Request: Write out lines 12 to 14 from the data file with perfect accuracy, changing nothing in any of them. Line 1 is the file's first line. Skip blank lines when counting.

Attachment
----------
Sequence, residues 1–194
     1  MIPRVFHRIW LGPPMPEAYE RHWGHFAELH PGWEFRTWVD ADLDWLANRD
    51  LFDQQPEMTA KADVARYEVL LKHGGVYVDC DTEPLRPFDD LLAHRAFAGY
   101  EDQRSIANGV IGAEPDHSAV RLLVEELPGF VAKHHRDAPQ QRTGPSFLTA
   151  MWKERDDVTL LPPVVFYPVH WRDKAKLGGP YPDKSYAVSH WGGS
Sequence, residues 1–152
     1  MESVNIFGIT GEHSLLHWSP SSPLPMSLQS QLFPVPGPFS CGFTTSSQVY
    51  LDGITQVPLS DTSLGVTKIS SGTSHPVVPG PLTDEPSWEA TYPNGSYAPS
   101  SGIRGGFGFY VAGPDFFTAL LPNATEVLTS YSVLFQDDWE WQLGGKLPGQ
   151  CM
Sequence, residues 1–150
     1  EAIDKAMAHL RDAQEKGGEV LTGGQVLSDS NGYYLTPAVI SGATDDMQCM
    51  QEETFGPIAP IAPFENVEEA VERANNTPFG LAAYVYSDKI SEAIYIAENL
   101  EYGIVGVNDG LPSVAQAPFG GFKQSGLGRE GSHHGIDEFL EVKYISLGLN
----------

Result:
     1  EAIDKAMAHL RDAQEKGGEV LTGGQVLSDS NGYYLTPAVI SGATDDMQCM
    51  QEETFGPIAP IAPFENVEEA VERANNTPFG LAAYVYSDKI SEAIYIAENL
   101  EYGIVGVNDG LPSVAQAPFG GFKQSGLGRE GSHHGIDEFL EVKYISLGLN